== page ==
Tree Talk| 4 min read

Ten Life Lessons Trees Teach You

“Come forth into the light of things, let nature be your teacher.” – William Wordsworth

Trees are an endless source of knowledge, prepared to teach us and nurture us.

“Come forth into the light of things, let nature be your teacher.” – William Wordsworth

Trees are an endless source of knowledge, prepared to teach us and nurture us. But do we have the ability to listen to what they say?

Taking your time: Patience

From self-checkouts to lightning-fast Internet connections, there is little reason for us to exercise patience anymore. We live in a society obsessed with speed; how do we make this quicker, how do we eliminate a few minutes from that task, what is the fastest possible way to get from Taco Bell to McDonalds… We’ve forgotten what it means to take our time: to savour.

When was the last time you saw an oak tree in a hurry to grow? Yet look at how beautiful and complex it is, and the scope of which it gives back to the Earth. Imagine what we could accomplish if we just took a little more time.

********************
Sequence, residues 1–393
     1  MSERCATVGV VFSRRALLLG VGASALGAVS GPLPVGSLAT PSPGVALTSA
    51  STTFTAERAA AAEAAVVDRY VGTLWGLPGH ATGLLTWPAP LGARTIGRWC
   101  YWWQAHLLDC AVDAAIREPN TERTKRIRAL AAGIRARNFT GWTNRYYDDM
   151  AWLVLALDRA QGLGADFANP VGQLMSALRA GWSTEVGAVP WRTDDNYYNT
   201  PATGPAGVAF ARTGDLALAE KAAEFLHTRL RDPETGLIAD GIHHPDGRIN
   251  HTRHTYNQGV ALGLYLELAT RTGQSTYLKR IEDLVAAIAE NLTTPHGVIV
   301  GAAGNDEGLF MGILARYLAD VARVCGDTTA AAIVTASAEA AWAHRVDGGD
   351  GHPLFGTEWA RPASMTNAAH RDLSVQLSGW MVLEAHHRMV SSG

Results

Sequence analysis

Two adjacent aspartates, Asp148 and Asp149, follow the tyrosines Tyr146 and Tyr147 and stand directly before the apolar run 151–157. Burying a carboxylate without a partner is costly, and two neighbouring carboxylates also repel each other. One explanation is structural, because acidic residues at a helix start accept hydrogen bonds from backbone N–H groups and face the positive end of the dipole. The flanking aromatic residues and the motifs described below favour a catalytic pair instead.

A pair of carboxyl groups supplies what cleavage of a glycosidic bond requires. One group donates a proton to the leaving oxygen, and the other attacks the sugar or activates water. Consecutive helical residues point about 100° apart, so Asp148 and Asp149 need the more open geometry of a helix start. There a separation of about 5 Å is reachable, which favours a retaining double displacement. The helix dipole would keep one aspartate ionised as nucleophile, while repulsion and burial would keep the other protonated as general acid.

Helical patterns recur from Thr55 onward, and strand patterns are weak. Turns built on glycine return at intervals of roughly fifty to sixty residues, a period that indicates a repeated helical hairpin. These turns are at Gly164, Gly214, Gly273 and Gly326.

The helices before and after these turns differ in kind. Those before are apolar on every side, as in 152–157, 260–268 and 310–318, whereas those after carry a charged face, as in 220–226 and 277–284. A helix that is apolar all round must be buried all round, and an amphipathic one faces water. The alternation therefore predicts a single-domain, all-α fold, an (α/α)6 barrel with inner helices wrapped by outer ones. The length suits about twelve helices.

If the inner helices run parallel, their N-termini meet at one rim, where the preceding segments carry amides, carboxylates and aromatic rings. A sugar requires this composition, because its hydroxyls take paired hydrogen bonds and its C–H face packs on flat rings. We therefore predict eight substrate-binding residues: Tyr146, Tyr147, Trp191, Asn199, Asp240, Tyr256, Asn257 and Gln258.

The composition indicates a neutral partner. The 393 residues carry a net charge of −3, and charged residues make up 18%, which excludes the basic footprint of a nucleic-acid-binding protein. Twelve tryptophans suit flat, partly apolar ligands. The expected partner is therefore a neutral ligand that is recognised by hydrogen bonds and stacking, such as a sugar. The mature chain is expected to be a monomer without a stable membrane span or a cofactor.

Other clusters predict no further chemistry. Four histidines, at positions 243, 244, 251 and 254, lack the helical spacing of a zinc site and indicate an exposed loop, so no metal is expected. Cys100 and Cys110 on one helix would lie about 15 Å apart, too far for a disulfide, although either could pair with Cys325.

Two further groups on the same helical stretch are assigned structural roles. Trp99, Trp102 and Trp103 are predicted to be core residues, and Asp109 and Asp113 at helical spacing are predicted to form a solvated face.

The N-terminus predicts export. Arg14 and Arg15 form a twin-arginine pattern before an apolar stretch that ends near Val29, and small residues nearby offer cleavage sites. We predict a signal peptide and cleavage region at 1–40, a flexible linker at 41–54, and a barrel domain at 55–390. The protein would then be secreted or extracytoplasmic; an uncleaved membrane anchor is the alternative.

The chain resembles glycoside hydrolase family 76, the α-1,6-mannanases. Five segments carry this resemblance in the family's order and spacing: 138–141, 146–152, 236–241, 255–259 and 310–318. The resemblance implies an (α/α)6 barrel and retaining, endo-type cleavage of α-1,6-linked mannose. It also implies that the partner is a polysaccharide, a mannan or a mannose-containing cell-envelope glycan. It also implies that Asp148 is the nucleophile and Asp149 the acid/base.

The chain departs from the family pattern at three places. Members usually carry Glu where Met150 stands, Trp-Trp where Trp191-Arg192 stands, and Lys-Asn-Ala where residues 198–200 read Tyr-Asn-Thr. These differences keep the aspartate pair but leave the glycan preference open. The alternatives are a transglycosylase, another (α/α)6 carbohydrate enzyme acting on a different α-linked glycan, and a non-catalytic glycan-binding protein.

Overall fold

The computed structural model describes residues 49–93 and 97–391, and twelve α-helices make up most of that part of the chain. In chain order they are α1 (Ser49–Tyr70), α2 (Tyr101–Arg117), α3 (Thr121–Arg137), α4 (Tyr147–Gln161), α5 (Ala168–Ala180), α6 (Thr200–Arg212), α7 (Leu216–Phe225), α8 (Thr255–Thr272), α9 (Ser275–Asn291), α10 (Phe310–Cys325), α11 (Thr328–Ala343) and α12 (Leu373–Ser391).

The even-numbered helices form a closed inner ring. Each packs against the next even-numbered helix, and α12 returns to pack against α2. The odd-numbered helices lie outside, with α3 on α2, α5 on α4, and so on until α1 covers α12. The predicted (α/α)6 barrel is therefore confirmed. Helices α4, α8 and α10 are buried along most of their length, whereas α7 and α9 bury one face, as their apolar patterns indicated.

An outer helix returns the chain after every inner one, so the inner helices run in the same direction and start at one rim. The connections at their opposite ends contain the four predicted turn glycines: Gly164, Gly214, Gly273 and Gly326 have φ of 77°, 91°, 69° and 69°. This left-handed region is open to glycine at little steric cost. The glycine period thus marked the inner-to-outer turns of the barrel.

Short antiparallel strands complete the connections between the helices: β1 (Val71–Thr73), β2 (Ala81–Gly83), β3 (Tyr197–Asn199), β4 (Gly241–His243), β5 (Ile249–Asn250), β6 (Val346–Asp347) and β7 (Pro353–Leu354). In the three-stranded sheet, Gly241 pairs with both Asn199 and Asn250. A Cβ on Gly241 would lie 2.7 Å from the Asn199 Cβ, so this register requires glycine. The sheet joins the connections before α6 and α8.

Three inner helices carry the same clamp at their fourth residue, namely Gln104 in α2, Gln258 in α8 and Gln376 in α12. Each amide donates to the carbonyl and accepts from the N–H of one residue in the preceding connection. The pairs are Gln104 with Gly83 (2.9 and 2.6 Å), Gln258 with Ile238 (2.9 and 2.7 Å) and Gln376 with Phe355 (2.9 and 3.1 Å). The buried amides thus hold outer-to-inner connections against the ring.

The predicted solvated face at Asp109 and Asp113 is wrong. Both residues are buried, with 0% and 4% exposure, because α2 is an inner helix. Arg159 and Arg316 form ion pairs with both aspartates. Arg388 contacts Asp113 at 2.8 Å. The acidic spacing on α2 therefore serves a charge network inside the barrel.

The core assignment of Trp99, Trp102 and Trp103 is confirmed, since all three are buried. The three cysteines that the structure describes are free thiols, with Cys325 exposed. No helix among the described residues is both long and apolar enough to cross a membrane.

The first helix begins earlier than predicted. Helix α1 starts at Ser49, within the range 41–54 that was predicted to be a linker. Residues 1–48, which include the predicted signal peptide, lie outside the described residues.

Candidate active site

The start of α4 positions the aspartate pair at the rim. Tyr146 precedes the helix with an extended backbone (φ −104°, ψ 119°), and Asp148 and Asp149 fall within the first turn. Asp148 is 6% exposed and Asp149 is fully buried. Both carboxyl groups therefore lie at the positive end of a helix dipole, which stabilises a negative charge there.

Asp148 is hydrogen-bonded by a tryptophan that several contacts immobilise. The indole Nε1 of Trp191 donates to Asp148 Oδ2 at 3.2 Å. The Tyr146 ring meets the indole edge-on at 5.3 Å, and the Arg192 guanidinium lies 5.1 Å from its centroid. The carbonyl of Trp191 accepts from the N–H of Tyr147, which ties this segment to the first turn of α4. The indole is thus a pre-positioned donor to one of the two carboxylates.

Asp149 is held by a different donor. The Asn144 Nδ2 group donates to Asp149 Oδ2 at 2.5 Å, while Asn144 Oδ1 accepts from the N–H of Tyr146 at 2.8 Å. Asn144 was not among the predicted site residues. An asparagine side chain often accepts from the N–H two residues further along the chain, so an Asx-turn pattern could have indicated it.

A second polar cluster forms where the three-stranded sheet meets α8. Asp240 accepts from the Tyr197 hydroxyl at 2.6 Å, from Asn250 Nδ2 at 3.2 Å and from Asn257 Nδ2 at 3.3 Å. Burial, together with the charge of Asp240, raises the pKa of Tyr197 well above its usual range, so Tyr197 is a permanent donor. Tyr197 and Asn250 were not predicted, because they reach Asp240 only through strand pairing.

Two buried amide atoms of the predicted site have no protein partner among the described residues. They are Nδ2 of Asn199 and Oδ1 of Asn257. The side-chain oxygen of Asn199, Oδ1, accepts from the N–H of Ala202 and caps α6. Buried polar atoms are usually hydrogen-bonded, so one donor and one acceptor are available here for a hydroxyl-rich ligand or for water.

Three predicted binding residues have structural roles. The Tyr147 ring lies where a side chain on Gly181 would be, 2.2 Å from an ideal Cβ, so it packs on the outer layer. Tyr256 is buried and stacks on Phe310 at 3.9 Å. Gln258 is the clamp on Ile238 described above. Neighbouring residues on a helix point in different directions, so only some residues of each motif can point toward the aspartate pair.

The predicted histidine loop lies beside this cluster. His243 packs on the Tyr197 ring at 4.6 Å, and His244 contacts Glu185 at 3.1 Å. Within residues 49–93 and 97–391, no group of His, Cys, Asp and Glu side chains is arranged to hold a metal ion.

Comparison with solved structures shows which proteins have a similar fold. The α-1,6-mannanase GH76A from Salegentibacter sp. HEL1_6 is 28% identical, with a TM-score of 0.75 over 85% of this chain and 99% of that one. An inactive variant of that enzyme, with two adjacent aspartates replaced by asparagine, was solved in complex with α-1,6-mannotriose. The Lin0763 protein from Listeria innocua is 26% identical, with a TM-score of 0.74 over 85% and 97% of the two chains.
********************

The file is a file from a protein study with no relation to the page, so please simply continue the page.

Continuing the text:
Weathering the storm: Strength

Just as a tree has the strength to weather decades, if not centuries and millennia, of storms, so must we find our strength to weather through everything that life presents us. Even when that “everything” includes having to sit through an hour long conversation with your great-aunt Ethel about the joys of crochet. You can always find inner strength within yourself to keep going.

And who knows, perhaps you’ll leave with a nice tea-cozy.

Creating a tree-munity: Cooperation

Working together as a community is woven within the fabric of our being as humans. In the past, had it not been for the cooperation between individuals, our species would never have survived. Today, we often times lose the need for such cooperation, isolating ourselves within virtual worlds online and abandoning face-to-face interactions in favour of passive-aggressive Facebook messages.

Mature trees, on the other hand, cooperate with and assist other smaller trees in their vicinity by using underground fungal networks to transfer water, carbon, and other resources. If not for this cooperation, the new generation of trees would not be able to survive.

When we work together, we can accomplish so much more. No fungus necessary!

Adapting and regenerating: Self-healing

Whether from accident or disease, a tree has the ability to heal itself. When injured, tree cells will flow around a wound, creating a knot. By changing course, the cells within the wood grain can continue to supply nutrients and water to other parts of the tree, rather than simply hitting a dead end and cutting off all supplies to the rest of the tree.

So must we be willing to adapt in order to heal ourselves. We will always face adversity, but it is how we react to this adversity that reveals who we are as people. When we begin to heal ourselves, we can begin to move forward.

Standing tall: Pride